Figure 1
figure1

Kaplan–Meier curves for OS, EFS and RR of the whole cohort of children with B-ALL. (AC) OS, EFS and RR in patients bearing TP53mut.

Table 2 Univariate and multivariate survival analysis in children with B-ALL

In the group of adults, TP53mut had a negative effect on OS (5-year OS: 0% vs 43.3%, P=0.019) and was associated with a higher RR (5-year RR: 100.0% vs 61.4%, P=0.029), and JAK2mut was related with a lower EFS (5-year EFS: 0% vs 30.6%, P=0.035) and a higher RR (5-year RR: 100% vs 60.4%, P=0.002) (Figure 2 and Supplementary Material File 1: Supplementary Table S11). The NGS analysis also confirmed the clinical parameters commonly associated with shorter OS, EFS and RR in adults, such as MRD 0.01% (RR: P=0.003 and EFS: P=0.023), WBC 30 × 109 l−1 (RR: P=0.024 and EFS: P=0.008), poor-risk cytogenetic abnormalities (OS: P=0.013 and EFS: P=0.025) and age 55 years (OS: P=0.001, RR: P=0.027 and EFS: P=0.002). Supplementary Material File 1: Supplementary Table S11 shows these clinical parameters commonly associated with shorter survival in adults. Multivariate analysis of the whole cohort of ALL adults indicated that the presence of TP53mut was an independent risk factor associated with significantly shorter OS (HR=2.3; 95% CI 1.1–5.1, P=0.035). Moreover, TP53mut (HR=5.9; 95% CI 1.2–28.6, P=0.027) and JAK2mut (HR=5.6; 95% CI 1.1–28.1, P=0.036) retained their independent prognostic significance in multivariate analysis regarding for RR (Table 3).

Figure 2
figure2

Kaplan–Meier curves for OS, EFS and RR of the whole cohort of adults with B-ALL. (A and B) OS and RR in patients bearing TP53mut. (C and D) EFS and RR in patients with JAK2mut.

Table 3 Univariate and multivariate survival analysis in adults with B-ALL

Finally, it is worth mentioning that there were no associations between the mutational burden and the cytogenetic, clinical and prognostic parameters of the pediatric and adult cohorts with B-ALL. In the same way, the survival rates of patients who carried small clones with 10% of mutational burden did not have significant differences with respect to those who carried clone sizes >10% (children: 5-year OS: 50% vs 72.7%, P=0.544; 5-year EFS: 50% vs 72.7%, P=0.606 and 5-year RR: 50.0% vs 20%, P=0.426; adults: 5-year OS: 0% vs 31.3%, P=0.453 and 5-year EFS: 0% vs 12.5%, P=0.710). Particularly, for TP53 and JAK2 mutations, there was no difference of mutational burden on outcome and survival parameters.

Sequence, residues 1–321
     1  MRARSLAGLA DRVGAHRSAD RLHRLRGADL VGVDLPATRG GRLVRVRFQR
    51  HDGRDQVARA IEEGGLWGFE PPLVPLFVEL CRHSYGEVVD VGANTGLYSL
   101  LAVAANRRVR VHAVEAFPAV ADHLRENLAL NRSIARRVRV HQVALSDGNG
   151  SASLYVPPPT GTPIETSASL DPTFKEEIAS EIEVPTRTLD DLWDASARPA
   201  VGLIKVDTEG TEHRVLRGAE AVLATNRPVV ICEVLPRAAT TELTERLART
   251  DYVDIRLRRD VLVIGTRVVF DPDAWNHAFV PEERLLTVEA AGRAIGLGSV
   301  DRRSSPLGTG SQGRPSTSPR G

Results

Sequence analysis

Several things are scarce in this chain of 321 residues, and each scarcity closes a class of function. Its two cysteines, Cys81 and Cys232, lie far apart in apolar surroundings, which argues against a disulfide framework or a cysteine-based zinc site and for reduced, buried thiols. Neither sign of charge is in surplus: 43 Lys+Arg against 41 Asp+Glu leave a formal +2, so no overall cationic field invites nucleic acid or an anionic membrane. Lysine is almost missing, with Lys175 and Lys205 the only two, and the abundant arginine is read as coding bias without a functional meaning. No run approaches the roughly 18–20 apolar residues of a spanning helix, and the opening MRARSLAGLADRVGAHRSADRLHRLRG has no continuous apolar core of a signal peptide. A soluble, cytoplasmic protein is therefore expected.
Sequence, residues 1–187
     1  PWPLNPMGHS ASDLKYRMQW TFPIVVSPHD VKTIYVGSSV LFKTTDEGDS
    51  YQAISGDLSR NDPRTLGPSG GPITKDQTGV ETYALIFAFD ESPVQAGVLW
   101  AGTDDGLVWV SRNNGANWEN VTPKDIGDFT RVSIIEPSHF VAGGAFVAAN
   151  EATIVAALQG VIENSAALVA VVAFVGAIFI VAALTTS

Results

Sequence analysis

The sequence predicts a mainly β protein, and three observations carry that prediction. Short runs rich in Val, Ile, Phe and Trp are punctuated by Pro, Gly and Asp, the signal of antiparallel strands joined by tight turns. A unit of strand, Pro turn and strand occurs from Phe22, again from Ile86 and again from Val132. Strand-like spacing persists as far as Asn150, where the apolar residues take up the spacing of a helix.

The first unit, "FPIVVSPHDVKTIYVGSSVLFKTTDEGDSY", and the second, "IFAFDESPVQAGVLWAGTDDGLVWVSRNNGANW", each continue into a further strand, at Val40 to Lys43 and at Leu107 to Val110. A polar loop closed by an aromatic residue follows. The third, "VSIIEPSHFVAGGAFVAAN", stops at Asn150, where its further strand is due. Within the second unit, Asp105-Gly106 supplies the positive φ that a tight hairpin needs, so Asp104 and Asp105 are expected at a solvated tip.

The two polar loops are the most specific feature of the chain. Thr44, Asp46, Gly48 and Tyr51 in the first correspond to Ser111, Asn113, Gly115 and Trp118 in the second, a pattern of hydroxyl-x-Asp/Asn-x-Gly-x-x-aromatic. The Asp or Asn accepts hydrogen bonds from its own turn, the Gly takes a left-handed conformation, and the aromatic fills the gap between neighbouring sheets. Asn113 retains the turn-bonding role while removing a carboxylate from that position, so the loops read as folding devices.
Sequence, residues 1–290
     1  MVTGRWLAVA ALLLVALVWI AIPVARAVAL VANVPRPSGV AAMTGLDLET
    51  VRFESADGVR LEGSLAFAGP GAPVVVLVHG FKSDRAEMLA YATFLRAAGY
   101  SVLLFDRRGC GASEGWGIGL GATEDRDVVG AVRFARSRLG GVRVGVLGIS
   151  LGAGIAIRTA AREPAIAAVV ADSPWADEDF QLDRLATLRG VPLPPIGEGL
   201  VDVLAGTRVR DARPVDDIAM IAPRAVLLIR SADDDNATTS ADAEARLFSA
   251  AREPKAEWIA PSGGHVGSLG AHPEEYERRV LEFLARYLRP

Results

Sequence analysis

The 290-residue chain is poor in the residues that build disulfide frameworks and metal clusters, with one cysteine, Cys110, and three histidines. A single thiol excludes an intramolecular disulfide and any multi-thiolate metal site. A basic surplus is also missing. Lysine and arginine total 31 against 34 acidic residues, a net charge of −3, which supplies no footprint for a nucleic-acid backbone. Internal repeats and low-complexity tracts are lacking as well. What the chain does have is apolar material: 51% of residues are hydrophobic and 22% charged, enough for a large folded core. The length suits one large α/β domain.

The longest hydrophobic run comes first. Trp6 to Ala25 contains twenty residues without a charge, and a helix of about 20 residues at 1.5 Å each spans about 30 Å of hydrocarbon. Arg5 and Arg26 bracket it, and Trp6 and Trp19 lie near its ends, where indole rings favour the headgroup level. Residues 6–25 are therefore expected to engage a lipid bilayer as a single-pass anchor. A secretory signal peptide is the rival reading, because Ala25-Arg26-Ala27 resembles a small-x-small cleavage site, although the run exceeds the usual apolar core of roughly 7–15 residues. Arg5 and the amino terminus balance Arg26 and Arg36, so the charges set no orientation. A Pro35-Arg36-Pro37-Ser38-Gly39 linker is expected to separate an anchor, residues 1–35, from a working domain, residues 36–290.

CRLF2 overexpression is associated with JAK mutations

Overexpression of the CRLF2 gene (CRLF2oe) was observed in 17.5% of B-ALL patients by quantitative RT-PCR assays. There were no significant differences in the CRLF2oe between child and adult B-ALL patients (17.3% vs 18.8%, P=1.0). CRLF2oe was common only in B-ALL cases that lack rearrangements of TEL-AML1, KMT2A(MLL), TCF3(E2A)-PBX1, and BCR-ABL (P=0.007). Supplementary Material File 1: Supplementary Table S2 shows the results obtained from the analysis of CRLF2 expression in each of the patients with mutations. The presence of JAK2 mutations was associated with CRLF2oe (P=0.023). Furthermore, neither the clinical nor prognostic features were associated with CRLF2oe in both childhood and adult B-ALL patients. However, the survival analysis of whole cohort of adults with B-ALL showed that the presence of CRLF2oe had a negative effect on OS (5-year OS: 0% vs 53.8%, P=0.005) and EFS rates (5-year EFS: 0% vs 33.3%, P=0.006).

Discussion

The presence of gene mutations is a hallmark of B-ALL. In this study, we evaluated 340 B-ALL cases at diagnosis (211 children and 129 adults) to address the incidence and prognostic impact of TP53, JAK2, IL7R, PAX5, LEF1 and CRLF2 mutations by NGS. The incidence (12.4%) and frequency of mutations were higher in adults than in children according with the better prognosis of pediatric B-ALL. Most mutations (88.1%) were detected in B-ALL cases lacking recurrent fusion genes. The incidence and frequency of mutations detected in our study were similar to observations made in previous ALL studies (Mullighan, 2011; Pui et al, 2011; Roberts and Mullighan, 2011; Iacobucci et al, 2012; Loh and Mullighan, 2012; Gowda and Dovat, 2013; Inaba et al, 2013; Chiaretti et al, 2014a, 2014b; Woo et al, 2014). The use of the NGS strategy further allowed the identification of clonal heterogeneity in B-ALL patients. A negative impact of the presence of TP53 and JAK2 mutations on the OS, RR and EFS in patients with adult and childhood B-ALL was found in the present study. Therefore, deep sequencing may ultimately be a better guide to treatment decisions for B-ALL patients.